Santa Claus almost skipped Wall Street this year. The S&P 500 (SPY) - Get SPDR S&P 500 ETF Trust Report dipped 3.5% between December 15 and 20, putting into question the year-end rally that some expected to see. But quickly, bullishness came flooding back, as the index jumped 4% in only three days.
(Read more from the Apple Maven: Apple Stock: Wall Street Lines Up Behind $3 Trillion Bull Case)
Is Santa Claus real?
The first question to ask is whether the Santa Claus rally is even evident in the data, or simply a myth. Do stocks really tend to spike ahead of December 24?
There are a few different ways to approach this one. I looked first at the S&P 500’s performance over any two-week period since the early 1990s. Then, I compared my findings against the market returns in the two weeks that precede the Christmas break.
It turns out that yes, the S&P 500 has historically performed better during the pre-holiday period — but only minimally: average two week return of +0.54% vs. the year-round average of +0.45%. If an extra 9 basis points of performance in two weeks seems exciting enough to you, then sure, Santa Claus has been good to Wall Street.
The same thing can not be said of Apple stock and its investors. For the past three decades or so, AAPL has produced outstanding average two-week returns of +1.22%. However, in the two weeks preceding Santa’s arrival, returns have been dismal: an average loss of -1.33%.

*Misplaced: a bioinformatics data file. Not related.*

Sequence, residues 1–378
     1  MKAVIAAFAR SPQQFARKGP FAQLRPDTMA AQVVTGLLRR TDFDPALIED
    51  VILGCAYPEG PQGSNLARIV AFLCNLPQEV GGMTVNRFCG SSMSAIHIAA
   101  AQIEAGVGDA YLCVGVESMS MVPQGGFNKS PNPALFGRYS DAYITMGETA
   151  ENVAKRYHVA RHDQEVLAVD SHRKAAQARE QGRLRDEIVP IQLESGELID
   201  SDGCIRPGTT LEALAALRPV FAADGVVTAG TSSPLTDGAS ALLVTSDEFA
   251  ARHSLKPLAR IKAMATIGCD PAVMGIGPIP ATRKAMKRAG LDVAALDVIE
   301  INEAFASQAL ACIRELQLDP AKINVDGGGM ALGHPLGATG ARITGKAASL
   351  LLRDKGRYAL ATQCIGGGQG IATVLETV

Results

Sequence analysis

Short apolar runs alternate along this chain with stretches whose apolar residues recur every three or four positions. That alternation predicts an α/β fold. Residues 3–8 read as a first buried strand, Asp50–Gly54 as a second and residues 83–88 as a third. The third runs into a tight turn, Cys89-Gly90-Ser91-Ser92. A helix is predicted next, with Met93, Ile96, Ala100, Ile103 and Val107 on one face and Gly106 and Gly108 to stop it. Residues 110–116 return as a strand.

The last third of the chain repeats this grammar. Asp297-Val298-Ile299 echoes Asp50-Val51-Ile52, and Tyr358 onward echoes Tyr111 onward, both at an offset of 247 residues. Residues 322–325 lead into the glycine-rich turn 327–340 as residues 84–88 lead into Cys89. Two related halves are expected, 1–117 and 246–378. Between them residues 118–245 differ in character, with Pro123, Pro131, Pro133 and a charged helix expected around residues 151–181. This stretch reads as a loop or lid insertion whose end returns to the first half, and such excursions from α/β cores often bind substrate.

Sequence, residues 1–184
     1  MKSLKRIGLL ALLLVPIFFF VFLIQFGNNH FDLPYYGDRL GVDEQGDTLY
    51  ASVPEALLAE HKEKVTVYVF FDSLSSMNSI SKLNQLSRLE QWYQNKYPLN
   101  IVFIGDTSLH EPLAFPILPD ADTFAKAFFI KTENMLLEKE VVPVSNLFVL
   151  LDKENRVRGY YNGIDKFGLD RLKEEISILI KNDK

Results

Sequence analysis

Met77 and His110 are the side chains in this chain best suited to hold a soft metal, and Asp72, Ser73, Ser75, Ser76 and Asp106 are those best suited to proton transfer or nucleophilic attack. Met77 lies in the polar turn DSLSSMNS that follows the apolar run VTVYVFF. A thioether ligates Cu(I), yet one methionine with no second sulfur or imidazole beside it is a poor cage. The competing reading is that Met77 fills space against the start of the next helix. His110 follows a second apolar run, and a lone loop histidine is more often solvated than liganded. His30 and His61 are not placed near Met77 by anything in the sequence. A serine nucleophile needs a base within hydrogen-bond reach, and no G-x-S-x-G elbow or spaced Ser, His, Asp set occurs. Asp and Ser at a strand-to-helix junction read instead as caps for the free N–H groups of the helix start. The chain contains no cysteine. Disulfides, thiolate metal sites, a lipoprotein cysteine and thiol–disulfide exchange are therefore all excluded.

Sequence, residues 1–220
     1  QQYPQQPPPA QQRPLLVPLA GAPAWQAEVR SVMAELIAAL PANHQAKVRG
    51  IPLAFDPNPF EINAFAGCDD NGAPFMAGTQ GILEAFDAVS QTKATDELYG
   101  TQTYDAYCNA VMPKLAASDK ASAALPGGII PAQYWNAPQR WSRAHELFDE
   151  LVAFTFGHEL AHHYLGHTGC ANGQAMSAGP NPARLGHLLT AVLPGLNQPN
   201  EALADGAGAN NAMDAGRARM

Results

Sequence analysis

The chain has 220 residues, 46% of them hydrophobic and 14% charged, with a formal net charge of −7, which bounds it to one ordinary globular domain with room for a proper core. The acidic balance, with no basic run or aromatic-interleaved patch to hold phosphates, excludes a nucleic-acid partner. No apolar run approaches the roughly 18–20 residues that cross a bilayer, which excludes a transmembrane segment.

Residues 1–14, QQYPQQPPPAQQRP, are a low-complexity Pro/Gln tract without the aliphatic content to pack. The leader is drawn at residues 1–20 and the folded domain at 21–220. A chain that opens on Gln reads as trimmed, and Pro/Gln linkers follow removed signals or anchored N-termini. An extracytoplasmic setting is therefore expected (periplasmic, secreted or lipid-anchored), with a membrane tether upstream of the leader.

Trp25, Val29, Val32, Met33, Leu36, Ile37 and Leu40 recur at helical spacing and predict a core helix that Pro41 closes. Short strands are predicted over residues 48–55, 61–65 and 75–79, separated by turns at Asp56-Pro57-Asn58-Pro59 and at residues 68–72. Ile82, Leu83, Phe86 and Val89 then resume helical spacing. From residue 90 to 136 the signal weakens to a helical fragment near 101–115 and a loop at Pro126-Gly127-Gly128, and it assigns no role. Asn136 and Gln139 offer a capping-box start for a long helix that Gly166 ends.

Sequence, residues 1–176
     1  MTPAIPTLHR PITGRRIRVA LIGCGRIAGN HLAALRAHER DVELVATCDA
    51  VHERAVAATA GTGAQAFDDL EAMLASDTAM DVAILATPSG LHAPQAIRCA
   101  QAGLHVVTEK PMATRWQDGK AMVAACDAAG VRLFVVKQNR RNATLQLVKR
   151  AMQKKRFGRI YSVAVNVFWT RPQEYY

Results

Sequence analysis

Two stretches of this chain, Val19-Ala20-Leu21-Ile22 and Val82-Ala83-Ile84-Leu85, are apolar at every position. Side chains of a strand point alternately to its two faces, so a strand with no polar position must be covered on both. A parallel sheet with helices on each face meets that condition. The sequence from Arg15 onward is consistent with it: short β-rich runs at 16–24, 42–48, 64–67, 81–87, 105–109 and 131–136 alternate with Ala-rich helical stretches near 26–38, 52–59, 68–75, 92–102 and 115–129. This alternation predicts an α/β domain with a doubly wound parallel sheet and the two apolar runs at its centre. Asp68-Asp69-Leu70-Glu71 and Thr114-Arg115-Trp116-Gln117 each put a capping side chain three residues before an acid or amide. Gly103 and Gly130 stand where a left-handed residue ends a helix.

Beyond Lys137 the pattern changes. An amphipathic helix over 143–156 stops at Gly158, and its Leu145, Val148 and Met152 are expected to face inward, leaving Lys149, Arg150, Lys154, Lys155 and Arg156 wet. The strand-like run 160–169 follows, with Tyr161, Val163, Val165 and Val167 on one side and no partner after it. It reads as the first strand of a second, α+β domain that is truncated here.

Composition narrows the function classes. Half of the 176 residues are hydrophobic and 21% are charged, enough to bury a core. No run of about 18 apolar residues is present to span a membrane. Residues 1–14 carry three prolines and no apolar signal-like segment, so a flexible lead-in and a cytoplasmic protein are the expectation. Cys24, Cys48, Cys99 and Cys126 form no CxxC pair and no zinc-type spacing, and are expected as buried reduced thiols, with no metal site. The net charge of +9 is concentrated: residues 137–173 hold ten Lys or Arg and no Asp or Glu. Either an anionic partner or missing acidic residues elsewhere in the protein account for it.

This observation is consistent with the idea that the holiday period tends to be seasonally weak for Apple shares. December has only been the ninth best month of performance for Apple stock in the year since the launch of the iPhone, in 2007.
The most likely rationale: investors probably buy into AAPL before the big catalysts, namely the launch of the newest iPhone model in September and Black Friday. During the holiday shopping weeks, investors “sell the news” and shed some of their AAPL holdings.
What next for AAPL?
If Apple investors feel left out of Santa’s list, they should be more excited about what comes next. Since the early 1990s, Apple stock has produced an average gain of +4.83% in the two weeks following Christmas, which is well above average. This is probably a rebound effect from the traditionally dull, pre-Santa performance. See chart below.
Something similar happens to the S&P 500, although not to the same extent: the average post-Christmas gains of 0.80% tend to be better than those produced by the Santa rally.
In the next few trading days, will Apple stock and the broad market perform as well as they have in prior years? We will keep monitoring price action through the year-end holiday to find out.
(Disclaimers: this is not investment advice. The author may be long one or more stocks mentioned in this report. Also, the article may contain affiliate links. These partnerships do not influence editorial content. Thanks for supporting the Apple Maven)